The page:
• A multiplicity of distros: Oh, 350-odd (and some not so odd) active Linux distributions in their wide range of uses, even though about 50 of them are relevant and regularly used by the GNU/Linux-using public. Some think that’s too many, but I would disagree: Distros are like ice cream, and you pick the flavor that suits your taste (not to mention your needs) and use it. I’d prefer to have hundreds to choose from rather than have a Baskin-Robbins limitation to 33 flavors. [Those who know me know I'm a Fedora guy, but the boxes at Redwood Digital also run Debian (especially on the Macs), Ubuntu, OpenSUSE, and a PII box with AntiX Mepis.] To appreciate the amount of choice we have, a visit to DistroWatch might be in order.
  • A variety of desktops: Who’s limited to what environment appears on our screens? We’re not. Thanks to the big daddies — GNOME and KDE (the former which I use most often and the latter which I’m growing to like more over time) — and to those desktop environments which leave the processor’s horsepower to more important digital matters — take a bow Xfce and LXDE — we have a wide range of options. Of course, if four isn’t enough, throw in IceWM and Flux and . . . .
  • The busy Beavers at Oregon State: The crew at Oregon State University deserve special mention. Chances are when you download a FOSS program or a distro, it comes to you directly from beautiful downtown Corvallis, Ore., home of the Oregon State University Open Source Lab (well, OK, perhaps OSU isn’t downtown per se, but you get the point). Kudos to OSL operations boss Jeff Sheltren and infrastructure architect Lance Albertson, as well as the rest of the OSL’s staff, for keeping the FOSS programs available. In addition, the OSL’s efforts hardly pale in comparison with the dedication and commitment to FOSS in OSU’s Electrical Engineering and Computer Science Department, which is responsible for the Oregon State Wireless Activity Learning Device (or OSWALD). A tip of the hat — a Fedora, of course — to EECS faculty professors Tim Budd and Carlos Jensen for the OSWALD, and great work, all.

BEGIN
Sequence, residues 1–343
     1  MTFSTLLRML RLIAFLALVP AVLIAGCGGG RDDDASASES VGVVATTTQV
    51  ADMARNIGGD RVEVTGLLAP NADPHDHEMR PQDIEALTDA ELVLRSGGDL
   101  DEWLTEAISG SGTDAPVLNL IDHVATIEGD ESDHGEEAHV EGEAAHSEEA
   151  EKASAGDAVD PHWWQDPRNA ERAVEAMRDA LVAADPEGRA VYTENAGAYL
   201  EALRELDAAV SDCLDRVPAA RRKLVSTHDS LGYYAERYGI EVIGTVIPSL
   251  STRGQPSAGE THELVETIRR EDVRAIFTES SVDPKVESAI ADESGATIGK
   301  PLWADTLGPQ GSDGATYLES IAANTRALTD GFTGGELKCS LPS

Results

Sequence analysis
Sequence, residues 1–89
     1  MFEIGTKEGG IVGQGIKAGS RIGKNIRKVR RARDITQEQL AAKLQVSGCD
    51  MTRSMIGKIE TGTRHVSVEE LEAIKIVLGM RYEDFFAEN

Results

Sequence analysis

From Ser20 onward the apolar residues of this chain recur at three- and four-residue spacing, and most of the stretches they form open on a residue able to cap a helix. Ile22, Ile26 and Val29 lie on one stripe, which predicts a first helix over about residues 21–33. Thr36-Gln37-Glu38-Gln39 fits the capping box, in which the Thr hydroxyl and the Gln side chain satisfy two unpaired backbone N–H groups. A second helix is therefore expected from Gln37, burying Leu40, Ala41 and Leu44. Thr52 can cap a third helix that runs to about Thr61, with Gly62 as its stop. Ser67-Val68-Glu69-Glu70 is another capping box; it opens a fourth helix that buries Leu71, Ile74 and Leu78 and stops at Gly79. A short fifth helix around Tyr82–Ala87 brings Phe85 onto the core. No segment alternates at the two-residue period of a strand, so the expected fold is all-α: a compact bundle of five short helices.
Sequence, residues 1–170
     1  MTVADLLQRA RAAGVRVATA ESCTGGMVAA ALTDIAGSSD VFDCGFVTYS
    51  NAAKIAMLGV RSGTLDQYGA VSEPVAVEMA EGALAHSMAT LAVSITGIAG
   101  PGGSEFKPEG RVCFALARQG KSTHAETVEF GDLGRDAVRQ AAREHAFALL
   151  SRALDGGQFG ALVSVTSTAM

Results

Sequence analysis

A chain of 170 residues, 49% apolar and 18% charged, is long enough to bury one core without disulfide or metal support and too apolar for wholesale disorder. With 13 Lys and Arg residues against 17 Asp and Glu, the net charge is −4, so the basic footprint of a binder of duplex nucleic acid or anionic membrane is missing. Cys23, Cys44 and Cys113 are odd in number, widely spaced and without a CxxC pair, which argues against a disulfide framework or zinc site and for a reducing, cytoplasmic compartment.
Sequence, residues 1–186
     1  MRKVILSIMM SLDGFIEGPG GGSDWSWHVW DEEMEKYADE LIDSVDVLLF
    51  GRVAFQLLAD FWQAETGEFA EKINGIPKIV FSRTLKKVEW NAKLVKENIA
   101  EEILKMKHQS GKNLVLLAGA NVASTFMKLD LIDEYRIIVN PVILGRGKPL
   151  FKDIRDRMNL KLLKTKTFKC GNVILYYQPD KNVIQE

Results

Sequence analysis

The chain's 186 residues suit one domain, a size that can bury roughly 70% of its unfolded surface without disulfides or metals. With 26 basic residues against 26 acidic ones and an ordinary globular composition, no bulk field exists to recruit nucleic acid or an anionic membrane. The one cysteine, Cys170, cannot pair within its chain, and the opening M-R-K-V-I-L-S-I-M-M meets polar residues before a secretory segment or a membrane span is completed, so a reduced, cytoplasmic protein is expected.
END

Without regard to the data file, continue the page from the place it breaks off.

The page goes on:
• Showtime: The various Linux/FOSS shows and expos throughout the year are great to attend — the ones I can make, like the Southern California Linux Expo (SCALE) and OSCON are the ones around which I plan family vacations. Throw in other shows into the mix like the Utah Open Source Conference in October and the other standards like Southeast Linux Fest, the OLFs (Ohio and Ontario Linux Fests), Calgary Open Source Systems Festival (COSSFEST), while tossing in new shows like Texas Linux Fest, and the calendar is full of opportunities to promote FOSS and learn a thing or two if you aren’t careful.
  • My peeps: You all know who you are, and don’t think for a minute I’m going to try to name all of you because I’ll forget someone and then they’ll feel bad and I’ll hate myself for forgetting for years to follow. Thank you to those who make everything work across distro, desktop and program borders — you are truly the heroes of FOSS and have my undying respect, gratitude and love.

    [FSF Associate Member] (Fedora ambassador Larry Cafiero runs Redwood Digital Research in Felton, California, and is an associate member of the Free Software Foundation.)